1st February 2011

QMS funded students gain industry recognition

Cameron and Tamsin at the recent QMS R&D Conference The work of two QMS funded research students has been recognised by one of London’s ancient livery companies and a prestigious American livestock association.

Tamsin Coombs and Cameron Craigie, both working at SAC, have been presented with training scholarships by the Worshipful Company of Woolmen, an 800 year old charity associated with the wool industry in London.

Cameron has also been awarded the highly coveted International Stockmen’s Educational Foundation (ISEF) Travel Fellowship to the 2011 International Livestock Congress in Denver, Colorado.

Tamsin is investigating the effect of selection for lean tissue growth on muscle fibre characteristics and its implications on animal welfare and Cameron is investigating the use of objective technology to measure meat eating quality, especially tenderness, juiciness and flavour of lamb bred to have larger loin muscles and lambs and finished on different diets.

Following her acceptance of the award at the Woolmen civic dinner in the plush Painter’s Hall in London, Tamsin said: “It came as a really nice surprise to be recognised for my work in this way, and by such a long-standing organisation. The dinner was a real eye opener and it was very interesting to be involved in the traditions of this company.

“It’s good to have support for my work to investigate whether breeding too much for lean muscle growth has any knock on welfare effects on young lambs.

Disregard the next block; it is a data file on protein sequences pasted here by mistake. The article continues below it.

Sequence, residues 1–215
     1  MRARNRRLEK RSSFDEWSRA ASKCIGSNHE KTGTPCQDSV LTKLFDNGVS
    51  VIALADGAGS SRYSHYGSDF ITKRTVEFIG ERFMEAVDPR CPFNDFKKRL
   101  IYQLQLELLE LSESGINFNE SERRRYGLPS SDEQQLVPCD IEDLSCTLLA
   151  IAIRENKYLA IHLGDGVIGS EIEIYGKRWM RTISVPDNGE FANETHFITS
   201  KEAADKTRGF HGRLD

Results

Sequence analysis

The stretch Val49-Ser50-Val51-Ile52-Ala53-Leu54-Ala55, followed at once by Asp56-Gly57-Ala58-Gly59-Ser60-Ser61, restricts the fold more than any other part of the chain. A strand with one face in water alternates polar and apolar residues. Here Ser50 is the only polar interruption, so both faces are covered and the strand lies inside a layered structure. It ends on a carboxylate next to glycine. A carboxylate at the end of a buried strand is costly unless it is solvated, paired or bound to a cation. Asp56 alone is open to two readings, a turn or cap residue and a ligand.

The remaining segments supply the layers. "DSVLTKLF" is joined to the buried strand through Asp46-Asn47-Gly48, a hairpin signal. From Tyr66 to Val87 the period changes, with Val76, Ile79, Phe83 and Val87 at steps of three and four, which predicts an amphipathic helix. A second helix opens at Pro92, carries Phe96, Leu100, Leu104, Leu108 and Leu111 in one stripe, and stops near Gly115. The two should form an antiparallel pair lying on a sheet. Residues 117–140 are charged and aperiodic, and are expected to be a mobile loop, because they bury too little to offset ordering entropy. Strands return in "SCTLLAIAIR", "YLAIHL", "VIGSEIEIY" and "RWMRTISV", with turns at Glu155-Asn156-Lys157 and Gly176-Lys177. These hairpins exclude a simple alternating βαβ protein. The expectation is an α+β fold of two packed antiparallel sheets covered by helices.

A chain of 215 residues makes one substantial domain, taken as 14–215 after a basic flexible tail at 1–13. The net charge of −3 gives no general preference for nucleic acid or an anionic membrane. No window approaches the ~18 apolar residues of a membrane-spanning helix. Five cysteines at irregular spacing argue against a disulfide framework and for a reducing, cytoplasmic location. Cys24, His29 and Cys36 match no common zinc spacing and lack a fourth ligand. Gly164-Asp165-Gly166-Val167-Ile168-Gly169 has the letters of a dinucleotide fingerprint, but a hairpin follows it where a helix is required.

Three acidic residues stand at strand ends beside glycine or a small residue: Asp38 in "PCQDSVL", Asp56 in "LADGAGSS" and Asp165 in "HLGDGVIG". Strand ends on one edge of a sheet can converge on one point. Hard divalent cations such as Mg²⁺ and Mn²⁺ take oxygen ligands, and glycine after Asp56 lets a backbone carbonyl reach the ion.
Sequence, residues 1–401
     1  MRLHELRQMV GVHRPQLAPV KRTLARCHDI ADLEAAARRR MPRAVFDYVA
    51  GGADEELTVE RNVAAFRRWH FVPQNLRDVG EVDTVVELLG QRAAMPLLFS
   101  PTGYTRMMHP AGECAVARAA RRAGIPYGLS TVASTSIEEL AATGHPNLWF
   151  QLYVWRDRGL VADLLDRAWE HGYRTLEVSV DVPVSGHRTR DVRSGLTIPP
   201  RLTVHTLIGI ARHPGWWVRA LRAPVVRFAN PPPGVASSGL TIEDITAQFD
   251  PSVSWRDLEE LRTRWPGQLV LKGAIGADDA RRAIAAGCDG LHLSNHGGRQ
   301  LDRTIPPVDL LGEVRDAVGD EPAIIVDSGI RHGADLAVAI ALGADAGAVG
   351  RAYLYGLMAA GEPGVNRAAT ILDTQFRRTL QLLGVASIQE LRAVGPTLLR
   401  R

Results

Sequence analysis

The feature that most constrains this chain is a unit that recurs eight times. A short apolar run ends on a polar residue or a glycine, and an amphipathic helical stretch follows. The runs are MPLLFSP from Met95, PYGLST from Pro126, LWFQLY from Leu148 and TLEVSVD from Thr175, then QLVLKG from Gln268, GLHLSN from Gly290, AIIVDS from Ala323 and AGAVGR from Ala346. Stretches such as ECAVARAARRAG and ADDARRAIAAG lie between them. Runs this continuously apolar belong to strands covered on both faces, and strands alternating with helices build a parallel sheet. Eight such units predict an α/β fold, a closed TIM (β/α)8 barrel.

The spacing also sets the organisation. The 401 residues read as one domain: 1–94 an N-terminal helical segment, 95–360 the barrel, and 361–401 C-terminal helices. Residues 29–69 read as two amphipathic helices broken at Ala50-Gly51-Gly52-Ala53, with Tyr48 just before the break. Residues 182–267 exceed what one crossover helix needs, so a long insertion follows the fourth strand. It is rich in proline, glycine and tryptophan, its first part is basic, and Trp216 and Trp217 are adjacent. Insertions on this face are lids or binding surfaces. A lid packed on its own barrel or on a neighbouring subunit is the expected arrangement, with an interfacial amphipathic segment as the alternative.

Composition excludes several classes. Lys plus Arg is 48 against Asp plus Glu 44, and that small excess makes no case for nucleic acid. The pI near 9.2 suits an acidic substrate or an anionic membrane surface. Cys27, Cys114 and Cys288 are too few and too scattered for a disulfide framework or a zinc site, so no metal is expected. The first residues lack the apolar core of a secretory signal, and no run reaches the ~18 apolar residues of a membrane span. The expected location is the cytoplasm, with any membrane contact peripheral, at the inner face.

“With the tough conditions in Scotland, making sure any profit you’ve made through lean muscle mass isn’t wiped out through stock losses or increased labour and health costs is key to improving efficiency.”

Cameron Craigie added: “It was a great event, and good to gain recognition from such an esteemed industry body.

“Research into the measurement of meat eating quality, mainly the tenderness, juiciness and flavour, under commercial conditions is important because the addition of meat quality measures to carcase evaluation would enable processors to reward producers for animals with superior quality meat.”

Cameron was then flown to Colorado to attend the International Livestock Congress, the world’s largest livestock show by number of cattle. As part of the trip he was also taken on tour of a case-ready meat processing plant and to the National Cattlemen’s Beef Cattle Association for some lessons in beef tasting, new product development and marketing.

He said: “The opportunity to look under the bonnet of meat industries in different countries has been a real eye-opener.

“The good news for Scotland is that our meat industry has some real strategic advantages, including a simple supply chain, excellent animal traceability and top quality assurance schemes.”

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